Gail and Jon discover Portland’s food carts

April 18, 2011

The food cart phenomenon is well worth the visit. Food carts are scattered throughout the city. We head to Alder and 10th Street following the recommendation of neighbouring eaters last night at The Little Bird Restaurant. Carts/wagons/booths of all shapes and sizes are situated on perimeters of parking lots (oh what we could do with those empty lots in Edmonton…). Health/hygiene standards are extremely high. Vendors are cooking fresh on site and most vendors are food entrepreneurs who could not afford to open up a restaurant. Picture how a Taste of Edmonton is set up and now, forget about the food at a Taste of Edmonton, because the food at these food carts is fresh, authentic, with quality, quantity and price all in its favour. Most food is under $7, beverages are $1.

We purchase a schnitzel plate at the Traditional Polish Cuisine cart that includes dumplings, perogies, grilled onions, mushrooms and peppers and salad. We stop at I Like Thai Food and on the recommendation of the cook I purchase a Pad See Ew, stir fried broad noodles with chicken, eggs, broccoli, carrots and bean sprouts, cooked in a sweet/tart sauce similar to Pad Thai. Two good choices and we’re very full. Not bad for $12.

A latte and a shoe shine for my Blundstone’s. Just a quick word about my shoe shine. It’s my first one and I can see why guys get their shoes shined at a shoe shine. I sat up in the leather chair, with my shoes on, while Phillip, my shoe shiner spent a good 30 minutes, cleaning and applying three coast of polish, buffing after each one, and added a final shine to the edges of the soles. My boots look mighty fine for $7. Is there anywhere to get a shoe shine like this in Edmonton?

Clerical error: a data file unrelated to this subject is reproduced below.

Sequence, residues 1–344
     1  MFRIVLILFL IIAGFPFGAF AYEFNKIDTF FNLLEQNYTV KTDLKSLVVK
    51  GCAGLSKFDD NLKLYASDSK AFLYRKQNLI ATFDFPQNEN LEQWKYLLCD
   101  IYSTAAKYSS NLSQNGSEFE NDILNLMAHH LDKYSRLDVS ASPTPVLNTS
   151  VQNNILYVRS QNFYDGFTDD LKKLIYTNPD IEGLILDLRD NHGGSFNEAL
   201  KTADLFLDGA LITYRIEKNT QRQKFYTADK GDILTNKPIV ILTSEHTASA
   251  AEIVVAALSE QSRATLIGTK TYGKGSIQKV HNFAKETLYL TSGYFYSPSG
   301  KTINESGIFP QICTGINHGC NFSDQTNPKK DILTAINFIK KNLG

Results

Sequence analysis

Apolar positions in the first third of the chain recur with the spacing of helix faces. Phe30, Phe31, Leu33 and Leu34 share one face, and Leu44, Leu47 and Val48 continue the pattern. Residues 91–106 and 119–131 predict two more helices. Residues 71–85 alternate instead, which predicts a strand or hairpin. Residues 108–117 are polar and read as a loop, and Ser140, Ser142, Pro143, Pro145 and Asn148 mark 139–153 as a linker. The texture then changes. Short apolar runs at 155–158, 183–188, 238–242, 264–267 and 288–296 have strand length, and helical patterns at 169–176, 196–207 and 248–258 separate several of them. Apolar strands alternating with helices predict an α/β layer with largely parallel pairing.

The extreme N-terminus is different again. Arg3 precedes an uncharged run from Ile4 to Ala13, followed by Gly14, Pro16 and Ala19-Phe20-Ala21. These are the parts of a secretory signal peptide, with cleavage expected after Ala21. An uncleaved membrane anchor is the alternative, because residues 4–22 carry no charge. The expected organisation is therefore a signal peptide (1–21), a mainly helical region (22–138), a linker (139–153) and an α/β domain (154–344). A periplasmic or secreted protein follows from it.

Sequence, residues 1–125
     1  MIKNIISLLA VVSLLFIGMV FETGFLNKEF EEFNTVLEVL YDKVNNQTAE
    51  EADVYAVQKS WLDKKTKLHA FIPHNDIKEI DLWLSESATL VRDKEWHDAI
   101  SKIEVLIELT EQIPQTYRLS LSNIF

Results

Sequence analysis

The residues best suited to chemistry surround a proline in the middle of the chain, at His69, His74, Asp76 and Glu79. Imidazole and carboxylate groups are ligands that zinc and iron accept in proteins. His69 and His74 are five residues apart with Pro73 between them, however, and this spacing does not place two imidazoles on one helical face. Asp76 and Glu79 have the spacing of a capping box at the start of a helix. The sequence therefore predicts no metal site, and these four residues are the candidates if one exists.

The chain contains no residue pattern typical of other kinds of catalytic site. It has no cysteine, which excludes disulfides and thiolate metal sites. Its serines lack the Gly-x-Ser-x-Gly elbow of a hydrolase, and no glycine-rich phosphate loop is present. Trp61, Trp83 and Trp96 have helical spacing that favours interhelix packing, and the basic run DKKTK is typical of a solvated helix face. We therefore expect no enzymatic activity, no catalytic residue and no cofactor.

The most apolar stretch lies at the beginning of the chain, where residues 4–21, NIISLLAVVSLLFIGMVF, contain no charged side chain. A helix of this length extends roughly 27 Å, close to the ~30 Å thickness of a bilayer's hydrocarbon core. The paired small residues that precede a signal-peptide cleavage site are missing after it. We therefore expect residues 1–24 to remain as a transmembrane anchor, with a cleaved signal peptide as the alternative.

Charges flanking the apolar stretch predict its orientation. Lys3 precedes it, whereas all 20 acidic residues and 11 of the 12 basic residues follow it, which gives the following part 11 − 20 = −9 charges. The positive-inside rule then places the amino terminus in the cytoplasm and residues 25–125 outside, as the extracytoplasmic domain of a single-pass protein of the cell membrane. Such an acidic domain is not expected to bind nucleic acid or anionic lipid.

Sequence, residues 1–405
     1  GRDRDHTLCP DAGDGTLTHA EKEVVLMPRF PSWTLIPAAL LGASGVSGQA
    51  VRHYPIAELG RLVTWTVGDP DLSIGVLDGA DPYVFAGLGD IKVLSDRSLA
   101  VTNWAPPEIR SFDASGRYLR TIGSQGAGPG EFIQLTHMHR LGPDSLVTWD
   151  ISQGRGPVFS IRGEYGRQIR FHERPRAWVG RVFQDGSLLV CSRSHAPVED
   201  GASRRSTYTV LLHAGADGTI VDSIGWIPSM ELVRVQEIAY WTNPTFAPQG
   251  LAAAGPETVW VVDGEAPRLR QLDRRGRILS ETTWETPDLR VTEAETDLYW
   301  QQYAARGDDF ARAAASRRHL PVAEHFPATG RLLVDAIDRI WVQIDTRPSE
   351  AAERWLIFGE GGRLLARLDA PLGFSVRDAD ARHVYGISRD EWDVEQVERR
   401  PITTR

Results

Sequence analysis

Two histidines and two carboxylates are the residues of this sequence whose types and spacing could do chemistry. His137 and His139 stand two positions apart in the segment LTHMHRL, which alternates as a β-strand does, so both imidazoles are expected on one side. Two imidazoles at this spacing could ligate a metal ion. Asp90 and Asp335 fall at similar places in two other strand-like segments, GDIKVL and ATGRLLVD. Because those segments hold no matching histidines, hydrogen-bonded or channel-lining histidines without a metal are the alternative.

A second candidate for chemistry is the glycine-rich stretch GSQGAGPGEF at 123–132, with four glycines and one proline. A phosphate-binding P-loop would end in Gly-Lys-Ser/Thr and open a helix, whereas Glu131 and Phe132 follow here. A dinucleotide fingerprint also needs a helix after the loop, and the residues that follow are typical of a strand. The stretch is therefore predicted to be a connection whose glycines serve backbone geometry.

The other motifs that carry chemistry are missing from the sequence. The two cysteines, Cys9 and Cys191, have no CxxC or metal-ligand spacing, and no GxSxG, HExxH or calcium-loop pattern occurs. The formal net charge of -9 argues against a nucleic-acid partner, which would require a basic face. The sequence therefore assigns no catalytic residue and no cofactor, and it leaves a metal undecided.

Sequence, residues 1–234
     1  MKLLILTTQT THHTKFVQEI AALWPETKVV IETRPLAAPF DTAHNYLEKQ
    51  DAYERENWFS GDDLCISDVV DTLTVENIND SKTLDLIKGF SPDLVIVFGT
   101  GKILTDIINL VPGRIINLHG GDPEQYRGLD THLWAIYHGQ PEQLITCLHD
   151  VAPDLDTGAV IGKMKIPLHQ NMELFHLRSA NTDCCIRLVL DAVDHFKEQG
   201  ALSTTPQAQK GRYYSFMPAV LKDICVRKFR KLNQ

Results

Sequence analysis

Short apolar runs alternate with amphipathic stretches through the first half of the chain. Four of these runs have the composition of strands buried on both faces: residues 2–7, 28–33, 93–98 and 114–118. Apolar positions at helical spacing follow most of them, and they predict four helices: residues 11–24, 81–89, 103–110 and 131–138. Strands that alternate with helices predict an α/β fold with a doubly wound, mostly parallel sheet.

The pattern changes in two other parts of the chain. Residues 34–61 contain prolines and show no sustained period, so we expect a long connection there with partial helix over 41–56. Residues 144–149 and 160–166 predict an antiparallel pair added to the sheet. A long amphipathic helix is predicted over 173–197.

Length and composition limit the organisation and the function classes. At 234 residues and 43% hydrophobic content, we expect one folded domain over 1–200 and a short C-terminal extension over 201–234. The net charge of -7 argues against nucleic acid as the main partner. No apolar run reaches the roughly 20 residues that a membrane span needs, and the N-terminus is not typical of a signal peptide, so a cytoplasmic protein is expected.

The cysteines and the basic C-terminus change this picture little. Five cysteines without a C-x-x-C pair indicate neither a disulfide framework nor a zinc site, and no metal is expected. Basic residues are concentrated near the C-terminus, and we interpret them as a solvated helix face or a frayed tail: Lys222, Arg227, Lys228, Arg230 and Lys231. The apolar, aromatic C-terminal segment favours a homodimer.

We leave Portland and head to the coast, arriving at the Blue Heron French Cheese Co. Have a wine tasting and purchase a bottle of 14 Hands 2008 Merlot from Washington State. Apparently, Washington has over 700 wineries and will soon surpass Napa….We also try Tillamook Ice Cream – blackberry cherry and vanilla bean. This ice cream is freshly made at the Tillamook Creamery, our next stop on our way to the coast.

The Tillamook County Creamery Association is a dairy cooperative and cheese and ice cream producing facility that stated in 1909. We take a self-guide tour of the factory and learn about Tillamook. From cheese curds to 40 lb blocks of cheese, 1 million pieces of cheese are packaged each week and their cheese is the #2 brand of ‘natural chunk cheese in the US’ (I wonder who number one is?.....). While this is not ‘artisanal’ cheese, the production is still very impressive. Did you know that it takes 10 lbs of milk to make 1 lb of cheese. This factory produces approximately 167,000 lbs of cheese each day.

Butter is also produced at Tillamook, but not at this facility. Found out why butter is salted, at least in this part of the US. Seems butter was traded and the main dairy export at the turn of the last century. Transporting it to market was a challenge. To prevent rancidity, it was heavily salted to preserve it and then washed later to remove the salt. Cheese was easier to handle with less chance of rancidity and became a more popular product to export.

We purchase a two year old cheddar and a bag of gluten free crackers and head off to Lincoln City.

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